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Open Access Publications from the University of California

Baroclinic Vortices in Rotating Stratified Shearing Flows: Cyclones, Anticyclones, and Zombie Vortices

  • Author(s): Hassanzadeh, Pedram
  • Advisor(s): Marcus, Philip S.
  • et al.

Large coherent vortices are abundant in geophysical and astrophysical flows. They play significant roles in the Earth's oceans and atmosphere, the atmosphere of gas giants, such as Jupiter, and the protoplanetary disks around forming stars. These vortices are essentially three-dimensional (3D) and baroclinic, and their dynamics are strongly influenced by the rotation and density stratification of their environments. This work focuses on improving our understanding of the physics of 3D baroclinic vortices in rotating and continuously stratified flows using 3D spectral simulations of the Boussinesq equations, as well as simplified mathematical models. The first chapter discusses the big picture and summarizes the results of this work.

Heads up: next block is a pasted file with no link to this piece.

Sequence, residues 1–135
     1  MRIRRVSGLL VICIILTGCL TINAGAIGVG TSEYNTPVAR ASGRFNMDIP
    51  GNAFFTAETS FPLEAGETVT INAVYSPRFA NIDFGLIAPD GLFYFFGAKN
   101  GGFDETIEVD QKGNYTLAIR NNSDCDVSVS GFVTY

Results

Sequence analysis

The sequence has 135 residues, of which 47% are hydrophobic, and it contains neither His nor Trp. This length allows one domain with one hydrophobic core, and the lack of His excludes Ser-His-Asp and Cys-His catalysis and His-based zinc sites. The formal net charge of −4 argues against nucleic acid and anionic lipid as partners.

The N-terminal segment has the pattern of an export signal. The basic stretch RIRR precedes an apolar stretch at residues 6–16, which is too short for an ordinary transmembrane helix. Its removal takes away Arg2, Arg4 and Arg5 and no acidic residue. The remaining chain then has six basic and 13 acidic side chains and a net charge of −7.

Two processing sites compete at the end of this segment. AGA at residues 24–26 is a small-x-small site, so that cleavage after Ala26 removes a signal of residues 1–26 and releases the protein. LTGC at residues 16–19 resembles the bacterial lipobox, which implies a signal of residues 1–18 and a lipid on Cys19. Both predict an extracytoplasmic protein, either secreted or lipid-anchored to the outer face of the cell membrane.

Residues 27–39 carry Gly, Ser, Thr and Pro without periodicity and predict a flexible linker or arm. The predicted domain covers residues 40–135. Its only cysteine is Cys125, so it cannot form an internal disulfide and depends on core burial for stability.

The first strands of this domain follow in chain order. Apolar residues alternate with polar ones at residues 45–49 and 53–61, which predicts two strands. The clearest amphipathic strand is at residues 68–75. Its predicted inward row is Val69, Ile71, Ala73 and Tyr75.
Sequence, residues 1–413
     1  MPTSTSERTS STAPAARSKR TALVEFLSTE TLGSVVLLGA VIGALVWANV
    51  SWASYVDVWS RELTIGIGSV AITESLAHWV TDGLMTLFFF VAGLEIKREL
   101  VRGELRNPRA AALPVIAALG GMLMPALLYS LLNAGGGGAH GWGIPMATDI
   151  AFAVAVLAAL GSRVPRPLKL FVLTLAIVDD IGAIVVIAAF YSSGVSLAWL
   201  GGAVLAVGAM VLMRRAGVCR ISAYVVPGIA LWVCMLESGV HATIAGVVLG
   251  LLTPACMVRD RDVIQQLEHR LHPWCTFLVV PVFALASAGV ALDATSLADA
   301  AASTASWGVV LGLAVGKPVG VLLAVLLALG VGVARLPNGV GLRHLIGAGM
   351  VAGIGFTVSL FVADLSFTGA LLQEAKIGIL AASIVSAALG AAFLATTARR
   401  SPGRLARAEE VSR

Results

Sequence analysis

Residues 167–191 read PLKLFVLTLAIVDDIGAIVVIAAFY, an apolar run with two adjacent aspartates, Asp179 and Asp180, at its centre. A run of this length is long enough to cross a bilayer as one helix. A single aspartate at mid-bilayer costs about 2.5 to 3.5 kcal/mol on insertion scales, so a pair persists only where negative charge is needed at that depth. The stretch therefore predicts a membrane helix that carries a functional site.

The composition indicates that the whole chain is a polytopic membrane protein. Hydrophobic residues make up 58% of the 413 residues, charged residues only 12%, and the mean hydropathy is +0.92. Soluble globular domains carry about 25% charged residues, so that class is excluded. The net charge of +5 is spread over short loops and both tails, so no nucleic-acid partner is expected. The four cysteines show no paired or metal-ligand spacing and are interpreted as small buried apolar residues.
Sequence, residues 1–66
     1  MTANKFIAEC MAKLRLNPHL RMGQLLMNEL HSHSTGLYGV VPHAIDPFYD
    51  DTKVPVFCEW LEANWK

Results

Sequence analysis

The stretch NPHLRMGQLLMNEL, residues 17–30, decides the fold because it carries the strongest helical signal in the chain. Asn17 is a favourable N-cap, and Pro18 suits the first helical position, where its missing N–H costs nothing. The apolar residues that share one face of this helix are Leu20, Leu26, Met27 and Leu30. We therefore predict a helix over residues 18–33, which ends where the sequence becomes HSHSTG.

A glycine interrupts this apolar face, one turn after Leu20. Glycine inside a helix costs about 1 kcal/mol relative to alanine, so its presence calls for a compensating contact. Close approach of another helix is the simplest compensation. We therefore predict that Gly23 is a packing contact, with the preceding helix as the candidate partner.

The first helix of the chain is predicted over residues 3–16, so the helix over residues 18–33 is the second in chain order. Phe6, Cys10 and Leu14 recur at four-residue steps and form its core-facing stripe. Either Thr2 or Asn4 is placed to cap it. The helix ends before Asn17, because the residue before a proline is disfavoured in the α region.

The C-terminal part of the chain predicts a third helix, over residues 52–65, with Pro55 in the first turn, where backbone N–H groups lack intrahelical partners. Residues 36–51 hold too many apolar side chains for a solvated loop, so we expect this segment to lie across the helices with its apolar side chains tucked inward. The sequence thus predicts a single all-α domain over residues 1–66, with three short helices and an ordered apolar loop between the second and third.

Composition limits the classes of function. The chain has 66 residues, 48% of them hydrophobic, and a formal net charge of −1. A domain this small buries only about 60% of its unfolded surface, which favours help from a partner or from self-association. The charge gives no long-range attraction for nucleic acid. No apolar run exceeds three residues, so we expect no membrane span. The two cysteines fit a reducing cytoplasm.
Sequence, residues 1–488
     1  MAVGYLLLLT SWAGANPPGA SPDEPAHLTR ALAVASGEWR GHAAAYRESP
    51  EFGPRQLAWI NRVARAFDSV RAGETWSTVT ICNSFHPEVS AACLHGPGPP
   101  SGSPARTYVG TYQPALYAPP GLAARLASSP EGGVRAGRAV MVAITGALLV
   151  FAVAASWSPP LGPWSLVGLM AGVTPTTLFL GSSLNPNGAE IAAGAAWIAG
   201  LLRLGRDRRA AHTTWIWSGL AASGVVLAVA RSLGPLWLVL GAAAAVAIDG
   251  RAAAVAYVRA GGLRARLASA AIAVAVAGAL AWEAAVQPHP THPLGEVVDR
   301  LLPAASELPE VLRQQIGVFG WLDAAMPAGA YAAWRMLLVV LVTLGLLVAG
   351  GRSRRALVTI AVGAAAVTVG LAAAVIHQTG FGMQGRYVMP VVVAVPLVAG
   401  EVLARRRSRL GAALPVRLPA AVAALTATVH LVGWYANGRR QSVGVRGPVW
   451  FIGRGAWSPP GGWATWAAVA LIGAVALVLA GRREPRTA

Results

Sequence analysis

In Chapter 2, we derive a relationship for the aspect ratio (i.e., vertical half-thickness over horizontal length scale) of steady and slowly-evolving baroclinic vortices in rotating stratified fluids. We show that the aspect ratio is a function of the Brunt-Vaisala frequencies within the vortex and outside the vortex, the Coriolis parameter, and the Rossby number of the vortex. This equation is basically the gradient-wind equation integrated over the vortex, and is significantly different from the previously proposed scaling laws that find the aspect ratio to be only a function of the properties of the background flow, and independent of the dynamics of the vortex. Our relation is valid for cyclones and anticyclones in either the cyclostrophic or geostrophic regimes; it works with vortices in Boussinesq fluids or ideal gases, and non-uniform background density gradient. The relation for the aspect ratio has many consequences for quasi-equilibrium vortices in rotating stratified flows. For example, cyclones must have interiors more stratified than the background flow (i.e., super-stratified), and weak anticyclones must have interiors less stratified than the background (i.e., sub-stratified). In addition, this equation is useful to infer the height and internal stratification of some astrophysical and geophysical vortices because direct measurements of their vertical structures are difficult. We verify our relation for the aspect ratio with numerical simulations for a wide variety of families of vortices, including: vortices that are initially in (dissipationless) equilibrium and then evolve due to an imposed weak viscous dissipation or density radiation; anticyclones created by the geostrophic adjustment of a patch of locally-mixed density; cyclones created by fluid suction from a small localized region; vortices created from the remnants of the violent breakups of columnar vortices; and weakly non-axisymmetric vortices. The values of the aspect ratios of our numerically-computed vortices validate our theoretically-derived relationship for aspect ratio, and generally they differ significantly from the values obtained from the much-cited conjecture that the aspect ratio of quasi-geostrophic vortices is equal to the ratio of the Coriolis parameter to the Brunt-Vaisala frequency of the background flow.